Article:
I have a protection order against the abuser. Can s/he keep a gun or buy a new gun?
It depends. If your protection order specifically says that your abuser cannot have a gun or buy a new gun, then s/he cannot have a gun. Box #11 should be checked on your civil protection order form. However, whether or not Box #11 is checked on your CPO form, your abuser may not be able to have a gun or buy a gun under federal law. In order for your protection order to qualify under federal law, the defendant (person who the order is against) must:
- Be served (given) notice of the court hearing. In other words, the defendant must have been given paperwork that told him or her about the hearing;
- Have an opportunity to attend the court hearing. Note: The abuser does not have to be at the hearing, but s/he has to have the opportunity to come to the hearing and
- Be an "intimate partner" of the victim, which includes:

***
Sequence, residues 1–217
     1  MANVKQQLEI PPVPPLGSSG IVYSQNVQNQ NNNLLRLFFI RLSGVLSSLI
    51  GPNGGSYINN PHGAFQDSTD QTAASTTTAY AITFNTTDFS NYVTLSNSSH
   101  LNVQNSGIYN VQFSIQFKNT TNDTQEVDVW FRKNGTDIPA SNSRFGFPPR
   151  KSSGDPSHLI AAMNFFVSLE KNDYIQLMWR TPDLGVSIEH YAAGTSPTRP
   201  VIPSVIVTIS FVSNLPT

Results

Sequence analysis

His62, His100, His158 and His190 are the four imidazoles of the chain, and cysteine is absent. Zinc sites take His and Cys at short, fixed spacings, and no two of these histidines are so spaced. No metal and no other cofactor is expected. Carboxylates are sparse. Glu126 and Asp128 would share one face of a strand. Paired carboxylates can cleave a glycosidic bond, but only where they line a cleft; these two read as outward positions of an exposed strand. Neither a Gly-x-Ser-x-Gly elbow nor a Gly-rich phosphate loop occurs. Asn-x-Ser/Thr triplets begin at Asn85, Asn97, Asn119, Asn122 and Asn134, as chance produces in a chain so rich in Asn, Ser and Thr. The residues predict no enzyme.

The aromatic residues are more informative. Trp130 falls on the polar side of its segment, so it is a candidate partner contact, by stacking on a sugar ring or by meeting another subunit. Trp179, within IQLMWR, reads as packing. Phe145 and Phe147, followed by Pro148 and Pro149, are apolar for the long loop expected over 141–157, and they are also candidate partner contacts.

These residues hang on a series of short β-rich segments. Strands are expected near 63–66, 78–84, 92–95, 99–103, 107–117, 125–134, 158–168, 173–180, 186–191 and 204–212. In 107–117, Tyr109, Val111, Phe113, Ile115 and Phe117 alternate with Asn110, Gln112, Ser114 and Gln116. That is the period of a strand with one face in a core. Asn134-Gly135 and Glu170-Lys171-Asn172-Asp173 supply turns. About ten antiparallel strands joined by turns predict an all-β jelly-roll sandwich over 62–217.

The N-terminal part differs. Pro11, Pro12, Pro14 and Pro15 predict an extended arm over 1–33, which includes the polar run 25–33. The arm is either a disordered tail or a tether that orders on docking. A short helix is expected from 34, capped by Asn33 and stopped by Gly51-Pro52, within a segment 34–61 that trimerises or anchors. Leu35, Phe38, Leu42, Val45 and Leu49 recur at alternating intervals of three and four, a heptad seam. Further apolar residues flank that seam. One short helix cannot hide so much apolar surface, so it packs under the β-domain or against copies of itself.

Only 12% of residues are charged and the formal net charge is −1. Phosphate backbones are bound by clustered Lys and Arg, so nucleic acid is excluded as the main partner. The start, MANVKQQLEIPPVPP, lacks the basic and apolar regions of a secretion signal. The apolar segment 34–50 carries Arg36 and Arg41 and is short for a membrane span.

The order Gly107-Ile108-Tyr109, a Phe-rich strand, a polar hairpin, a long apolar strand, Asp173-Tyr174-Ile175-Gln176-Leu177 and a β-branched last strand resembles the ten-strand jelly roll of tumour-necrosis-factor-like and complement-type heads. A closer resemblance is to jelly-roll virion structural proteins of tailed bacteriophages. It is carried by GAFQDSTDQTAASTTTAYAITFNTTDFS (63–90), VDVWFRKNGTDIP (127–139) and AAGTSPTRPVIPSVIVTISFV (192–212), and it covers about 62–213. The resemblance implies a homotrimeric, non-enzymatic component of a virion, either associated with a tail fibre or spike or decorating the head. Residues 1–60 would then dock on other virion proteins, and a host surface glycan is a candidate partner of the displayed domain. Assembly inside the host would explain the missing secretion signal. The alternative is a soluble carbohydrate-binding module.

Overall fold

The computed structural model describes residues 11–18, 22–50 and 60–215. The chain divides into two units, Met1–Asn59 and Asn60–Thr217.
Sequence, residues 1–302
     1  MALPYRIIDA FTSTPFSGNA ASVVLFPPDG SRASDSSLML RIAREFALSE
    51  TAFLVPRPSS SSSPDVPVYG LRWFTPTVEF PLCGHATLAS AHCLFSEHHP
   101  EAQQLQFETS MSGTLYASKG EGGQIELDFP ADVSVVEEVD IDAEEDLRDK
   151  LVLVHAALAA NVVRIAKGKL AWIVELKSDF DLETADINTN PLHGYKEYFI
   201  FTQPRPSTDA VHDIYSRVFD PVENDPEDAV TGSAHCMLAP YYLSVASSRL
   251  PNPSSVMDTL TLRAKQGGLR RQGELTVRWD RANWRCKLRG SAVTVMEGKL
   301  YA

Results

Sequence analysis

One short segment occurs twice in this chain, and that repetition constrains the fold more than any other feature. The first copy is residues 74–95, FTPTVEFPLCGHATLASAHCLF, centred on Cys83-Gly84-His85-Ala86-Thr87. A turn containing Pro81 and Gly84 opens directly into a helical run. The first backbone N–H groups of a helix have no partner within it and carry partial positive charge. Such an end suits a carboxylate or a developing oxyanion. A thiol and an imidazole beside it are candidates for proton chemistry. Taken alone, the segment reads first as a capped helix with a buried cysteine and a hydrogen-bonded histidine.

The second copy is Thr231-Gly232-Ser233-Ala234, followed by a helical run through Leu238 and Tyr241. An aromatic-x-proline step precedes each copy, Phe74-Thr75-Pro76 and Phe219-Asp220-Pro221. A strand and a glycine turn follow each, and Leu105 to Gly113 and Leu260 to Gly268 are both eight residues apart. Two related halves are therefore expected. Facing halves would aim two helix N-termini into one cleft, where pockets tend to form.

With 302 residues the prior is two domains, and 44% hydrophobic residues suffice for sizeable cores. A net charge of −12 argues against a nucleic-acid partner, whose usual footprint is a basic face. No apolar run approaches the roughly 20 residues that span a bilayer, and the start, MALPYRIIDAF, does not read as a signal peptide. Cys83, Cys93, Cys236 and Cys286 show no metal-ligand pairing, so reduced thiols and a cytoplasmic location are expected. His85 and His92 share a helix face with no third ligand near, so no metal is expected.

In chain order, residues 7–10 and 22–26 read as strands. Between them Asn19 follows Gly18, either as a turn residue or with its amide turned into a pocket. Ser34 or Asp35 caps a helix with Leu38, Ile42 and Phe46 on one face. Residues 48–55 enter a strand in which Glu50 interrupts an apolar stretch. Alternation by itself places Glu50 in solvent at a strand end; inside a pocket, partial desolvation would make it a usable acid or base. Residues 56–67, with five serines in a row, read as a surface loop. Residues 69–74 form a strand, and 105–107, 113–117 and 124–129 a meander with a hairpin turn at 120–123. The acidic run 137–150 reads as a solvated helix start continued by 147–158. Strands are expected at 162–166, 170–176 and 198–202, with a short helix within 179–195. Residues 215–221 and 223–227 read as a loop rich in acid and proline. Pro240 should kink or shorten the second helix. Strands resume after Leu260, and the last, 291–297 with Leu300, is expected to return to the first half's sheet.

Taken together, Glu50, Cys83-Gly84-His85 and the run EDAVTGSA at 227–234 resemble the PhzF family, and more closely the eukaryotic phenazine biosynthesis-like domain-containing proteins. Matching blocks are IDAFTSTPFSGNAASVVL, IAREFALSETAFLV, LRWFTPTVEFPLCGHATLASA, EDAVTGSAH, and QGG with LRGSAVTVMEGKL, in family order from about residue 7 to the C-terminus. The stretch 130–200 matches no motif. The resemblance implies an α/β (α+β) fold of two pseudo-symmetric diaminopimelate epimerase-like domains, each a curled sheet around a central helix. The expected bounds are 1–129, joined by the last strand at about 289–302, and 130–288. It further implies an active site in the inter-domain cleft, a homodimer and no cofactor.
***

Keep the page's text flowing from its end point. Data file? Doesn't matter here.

- A current or former spouse
- A person with whom you share a child
- A person you live with or have lived with in the past.*
If your protection order has expired, it is no longer a valid order under federal law, which means the firearm ban also does not apply.
Note: This law may not apply to law enforcement officials, military personnel, and other government employees who use guns while performing official duties.** If the abuser is a police officer, member of the military, or someone else who uses a gun for his/her job, talk to your local domestic violence program about your options. See OH Places that Help to find a program in your area.
* 18 USC § 921(a)(32)
** 18 USC § 925(a)(1)